Thousands of credit card customers face interest rate hikes, but you can reject them to escape the potentially crippling higher payments.

Barclaycard, HSBC, MBNA, Sainsbury's and Virgin were among the major card providers named as having recently raised costs after we asked for examples from users on Facebook and Twitter.

Virgin was at the centre of media reports today that it had hiked rates for thousands, though it stresses this affects fewer than 1% of its customers and is simply part of a general re-pricing, which is common among card firms.

Some Virgin customers have reported hikes of 50%, from 18.9% to 27.9%.

Companies are allowed to raise both credit and store card interest rates for existing customers. They often do this based on customers' credit ratings at the time.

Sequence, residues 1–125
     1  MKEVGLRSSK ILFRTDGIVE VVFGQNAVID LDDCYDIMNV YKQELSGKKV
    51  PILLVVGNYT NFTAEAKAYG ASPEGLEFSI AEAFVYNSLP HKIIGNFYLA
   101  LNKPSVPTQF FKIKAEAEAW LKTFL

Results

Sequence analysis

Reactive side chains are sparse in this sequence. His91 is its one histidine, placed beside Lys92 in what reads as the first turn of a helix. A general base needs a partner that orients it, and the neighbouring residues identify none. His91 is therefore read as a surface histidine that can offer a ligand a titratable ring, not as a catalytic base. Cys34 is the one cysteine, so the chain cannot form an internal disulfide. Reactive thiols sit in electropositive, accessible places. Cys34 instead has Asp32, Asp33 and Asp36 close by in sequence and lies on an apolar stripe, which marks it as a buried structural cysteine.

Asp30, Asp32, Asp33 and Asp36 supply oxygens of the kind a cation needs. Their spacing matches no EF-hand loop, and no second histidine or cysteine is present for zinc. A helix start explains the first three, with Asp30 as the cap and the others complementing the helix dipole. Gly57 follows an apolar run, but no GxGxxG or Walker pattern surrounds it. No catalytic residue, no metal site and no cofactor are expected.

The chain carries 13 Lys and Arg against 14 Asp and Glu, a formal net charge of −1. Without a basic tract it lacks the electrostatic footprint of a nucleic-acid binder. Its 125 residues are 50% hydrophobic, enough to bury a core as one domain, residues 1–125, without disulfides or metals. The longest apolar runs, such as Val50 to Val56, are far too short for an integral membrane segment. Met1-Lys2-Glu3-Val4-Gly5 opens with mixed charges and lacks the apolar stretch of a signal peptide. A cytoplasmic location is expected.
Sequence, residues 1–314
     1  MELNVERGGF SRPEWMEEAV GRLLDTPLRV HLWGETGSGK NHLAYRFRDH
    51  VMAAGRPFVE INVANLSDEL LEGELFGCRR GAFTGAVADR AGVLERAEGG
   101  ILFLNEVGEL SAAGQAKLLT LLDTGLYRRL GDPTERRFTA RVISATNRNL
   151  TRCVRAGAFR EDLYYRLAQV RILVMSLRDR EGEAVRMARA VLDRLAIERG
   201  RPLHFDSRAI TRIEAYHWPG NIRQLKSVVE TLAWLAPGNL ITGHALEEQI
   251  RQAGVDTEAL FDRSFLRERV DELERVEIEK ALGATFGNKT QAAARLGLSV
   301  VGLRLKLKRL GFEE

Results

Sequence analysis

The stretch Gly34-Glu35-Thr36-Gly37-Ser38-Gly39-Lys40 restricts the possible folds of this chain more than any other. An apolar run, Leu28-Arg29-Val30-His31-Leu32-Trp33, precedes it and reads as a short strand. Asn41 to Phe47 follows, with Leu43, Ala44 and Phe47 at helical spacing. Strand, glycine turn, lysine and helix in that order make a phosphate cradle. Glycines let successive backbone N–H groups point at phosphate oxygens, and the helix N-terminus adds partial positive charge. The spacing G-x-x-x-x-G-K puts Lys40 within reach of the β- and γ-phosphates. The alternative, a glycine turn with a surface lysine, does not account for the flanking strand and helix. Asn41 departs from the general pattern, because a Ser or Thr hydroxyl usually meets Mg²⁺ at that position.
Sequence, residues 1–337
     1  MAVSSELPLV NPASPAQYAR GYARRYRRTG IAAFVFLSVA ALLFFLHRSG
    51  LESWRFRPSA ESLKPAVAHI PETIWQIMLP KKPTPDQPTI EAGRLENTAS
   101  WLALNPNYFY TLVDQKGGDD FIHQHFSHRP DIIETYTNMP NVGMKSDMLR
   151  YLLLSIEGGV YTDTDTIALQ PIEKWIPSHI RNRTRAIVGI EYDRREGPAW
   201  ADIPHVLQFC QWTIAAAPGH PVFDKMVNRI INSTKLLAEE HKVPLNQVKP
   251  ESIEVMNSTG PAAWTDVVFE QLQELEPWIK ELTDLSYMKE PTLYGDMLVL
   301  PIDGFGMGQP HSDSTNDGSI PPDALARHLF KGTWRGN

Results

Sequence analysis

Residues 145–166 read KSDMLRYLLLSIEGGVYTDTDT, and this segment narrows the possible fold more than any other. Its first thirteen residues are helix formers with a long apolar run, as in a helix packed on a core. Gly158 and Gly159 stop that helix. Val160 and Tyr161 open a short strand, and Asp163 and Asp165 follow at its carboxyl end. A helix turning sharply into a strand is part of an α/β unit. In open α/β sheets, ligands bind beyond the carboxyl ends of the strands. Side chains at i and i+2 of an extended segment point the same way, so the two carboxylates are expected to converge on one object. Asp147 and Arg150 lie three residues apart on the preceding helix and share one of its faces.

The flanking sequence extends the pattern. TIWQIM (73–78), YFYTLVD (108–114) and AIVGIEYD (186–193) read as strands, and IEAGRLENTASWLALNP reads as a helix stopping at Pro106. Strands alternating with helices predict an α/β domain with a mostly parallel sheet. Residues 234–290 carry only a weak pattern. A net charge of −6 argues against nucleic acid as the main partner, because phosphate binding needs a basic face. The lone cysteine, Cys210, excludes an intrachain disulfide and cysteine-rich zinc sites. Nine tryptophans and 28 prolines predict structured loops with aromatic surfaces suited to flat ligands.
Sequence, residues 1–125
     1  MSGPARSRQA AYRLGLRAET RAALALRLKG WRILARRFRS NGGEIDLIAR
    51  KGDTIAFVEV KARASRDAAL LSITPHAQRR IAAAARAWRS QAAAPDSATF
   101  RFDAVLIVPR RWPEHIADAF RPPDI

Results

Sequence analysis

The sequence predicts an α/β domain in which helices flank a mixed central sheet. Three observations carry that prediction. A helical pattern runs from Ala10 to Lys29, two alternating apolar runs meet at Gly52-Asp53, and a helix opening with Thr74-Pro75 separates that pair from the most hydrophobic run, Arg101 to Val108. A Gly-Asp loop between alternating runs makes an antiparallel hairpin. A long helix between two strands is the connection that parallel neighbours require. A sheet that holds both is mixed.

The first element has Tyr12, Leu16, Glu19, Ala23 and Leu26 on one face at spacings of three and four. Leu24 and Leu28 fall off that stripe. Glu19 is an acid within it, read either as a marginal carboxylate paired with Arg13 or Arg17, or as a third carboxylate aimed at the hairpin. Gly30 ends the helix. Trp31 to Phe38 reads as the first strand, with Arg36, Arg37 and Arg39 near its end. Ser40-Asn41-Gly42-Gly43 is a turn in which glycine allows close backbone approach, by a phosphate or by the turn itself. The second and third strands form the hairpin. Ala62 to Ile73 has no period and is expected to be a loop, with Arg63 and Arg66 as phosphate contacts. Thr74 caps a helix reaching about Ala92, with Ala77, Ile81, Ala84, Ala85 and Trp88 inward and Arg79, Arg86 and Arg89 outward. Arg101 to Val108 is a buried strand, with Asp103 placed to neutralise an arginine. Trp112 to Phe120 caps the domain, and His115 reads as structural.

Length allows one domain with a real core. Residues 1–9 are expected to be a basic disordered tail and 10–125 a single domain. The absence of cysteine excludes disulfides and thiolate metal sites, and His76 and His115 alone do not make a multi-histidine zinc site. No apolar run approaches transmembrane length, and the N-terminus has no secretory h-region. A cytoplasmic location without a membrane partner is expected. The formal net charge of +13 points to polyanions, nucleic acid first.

Fiona Ross says on Facebook today: "I had a letter from Barclaycard saying it is increasing the interest rate for my credit card from 1 April."

While Wendy Hartley says: "MBNA, 16.9% going up to 25.9% for purchases."

How to reject hikes

First, call and politely request the firm doesn't hike your rate. It can work, though it's rare.

If this fails, under new rules introduced last year most cardholders have 60 days to reject a rise from the date of notification, though they cannot then use the card for new spending when exercising that option.

Instead, they can continue paying off their debt on the existing terms.

If possible, you could try to beat a hike by ditching the card and shifting your existing debt to a new card at a super-cheap balance transfer rate. For more information, see the Reject Rate Hikes guide.

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